I'll hit that slash key, that new keyboard shortcut, and sure enough, it comes right in as a zoom, and I hit it again and it goes back. Well, let's try the Z key. Does the Z key still work? It does indeed, so now what I've created is that I can zoom in from either end of the keyboard. I have my slash key and my Z key. Now let's go back to our commands here. Go back to customize. I'm in Derrick's Shortcuts. If I decide that I only want one command for zooming, because I will confuse myself or maybe people that use my computer, and I want to get rid of the original one, all I have to do is click on it, hit the delete key, and that will take it away, and now when I save, I'd save this command, and come back to the application.
I'm going to hit the Z key, and nothing happens. You get that delightful sound. Let's do it one more time just for fun. Oh, I'm sorry; your Z key no longer works, however, if I hit my slash key, oh, 100%. If I go, "I miss having that and I liked it," so I'm going to go back to Commands, Customize. I think by now you're probably catching on to how this works. Zoom viewer. I'm going to hit the Z key.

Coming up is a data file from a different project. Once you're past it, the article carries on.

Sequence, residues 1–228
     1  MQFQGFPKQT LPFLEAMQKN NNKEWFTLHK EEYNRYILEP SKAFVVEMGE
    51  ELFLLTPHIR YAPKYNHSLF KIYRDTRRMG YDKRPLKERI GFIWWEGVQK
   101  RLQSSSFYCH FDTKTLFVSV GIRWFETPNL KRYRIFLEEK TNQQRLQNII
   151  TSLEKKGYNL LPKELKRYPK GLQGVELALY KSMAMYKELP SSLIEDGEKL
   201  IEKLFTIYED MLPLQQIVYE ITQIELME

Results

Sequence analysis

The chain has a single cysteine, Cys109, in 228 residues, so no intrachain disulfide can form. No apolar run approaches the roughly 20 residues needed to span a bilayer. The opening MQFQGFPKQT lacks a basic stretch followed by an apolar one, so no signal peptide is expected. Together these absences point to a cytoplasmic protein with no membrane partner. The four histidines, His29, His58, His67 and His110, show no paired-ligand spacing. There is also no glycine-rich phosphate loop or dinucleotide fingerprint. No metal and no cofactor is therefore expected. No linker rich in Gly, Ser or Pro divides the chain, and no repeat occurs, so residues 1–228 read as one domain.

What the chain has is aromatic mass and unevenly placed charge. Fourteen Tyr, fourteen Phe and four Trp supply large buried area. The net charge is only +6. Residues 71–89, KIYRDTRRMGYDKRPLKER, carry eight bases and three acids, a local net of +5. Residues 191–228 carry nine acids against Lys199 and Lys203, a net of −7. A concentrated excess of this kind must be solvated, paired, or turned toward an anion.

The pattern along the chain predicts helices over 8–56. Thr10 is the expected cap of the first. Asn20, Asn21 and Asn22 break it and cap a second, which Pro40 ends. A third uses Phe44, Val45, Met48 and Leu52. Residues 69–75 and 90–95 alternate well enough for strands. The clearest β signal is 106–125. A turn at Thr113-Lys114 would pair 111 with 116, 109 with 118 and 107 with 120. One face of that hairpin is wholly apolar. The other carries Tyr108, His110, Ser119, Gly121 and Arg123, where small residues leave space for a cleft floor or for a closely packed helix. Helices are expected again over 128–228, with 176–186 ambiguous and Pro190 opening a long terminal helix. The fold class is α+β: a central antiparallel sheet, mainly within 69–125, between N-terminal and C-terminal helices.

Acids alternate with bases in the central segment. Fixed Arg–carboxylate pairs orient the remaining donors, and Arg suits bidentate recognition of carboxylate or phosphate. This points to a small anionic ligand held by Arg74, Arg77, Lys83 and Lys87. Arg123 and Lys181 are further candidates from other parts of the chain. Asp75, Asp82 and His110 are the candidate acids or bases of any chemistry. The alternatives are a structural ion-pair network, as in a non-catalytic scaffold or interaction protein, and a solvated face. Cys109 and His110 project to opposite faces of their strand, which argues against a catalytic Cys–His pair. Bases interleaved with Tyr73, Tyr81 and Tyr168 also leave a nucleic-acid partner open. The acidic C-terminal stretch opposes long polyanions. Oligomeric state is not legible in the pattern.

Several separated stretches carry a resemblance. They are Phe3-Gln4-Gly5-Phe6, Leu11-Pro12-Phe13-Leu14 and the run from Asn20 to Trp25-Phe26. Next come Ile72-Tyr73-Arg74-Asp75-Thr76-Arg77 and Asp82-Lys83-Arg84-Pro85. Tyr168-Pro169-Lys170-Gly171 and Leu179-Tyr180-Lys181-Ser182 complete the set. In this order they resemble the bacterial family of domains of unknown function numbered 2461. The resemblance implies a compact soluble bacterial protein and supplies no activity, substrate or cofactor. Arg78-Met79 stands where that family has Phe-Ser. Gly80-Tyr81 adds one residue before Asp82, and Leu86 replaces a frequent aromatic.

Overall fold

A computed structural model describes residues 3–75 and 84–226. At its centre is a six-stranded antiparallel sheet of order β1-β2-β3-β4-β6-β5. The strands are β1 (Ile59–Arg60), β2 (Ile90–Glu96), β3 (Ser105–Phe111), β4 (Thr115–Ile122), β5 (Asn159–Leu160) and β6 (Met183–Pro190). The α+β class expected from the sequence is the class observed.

Now we're back in business, so you hit the actual, physical key on the keyboard when you want to set a keyboard command. Now I'm going to go ahead and save this. I'm going to close it. Now you can switch among sets, and you can actually create sets, and export them, and share them with your friends. You can actually trade them like baseball cards if you want, because if you go here to commands and you'll see that we have customize, which is where we've been, but if I want, I can go back to the default set, and I'll hit my slash key that I hit before that in my Derrick Custom Set is a zoomer, and I get that delightful sound.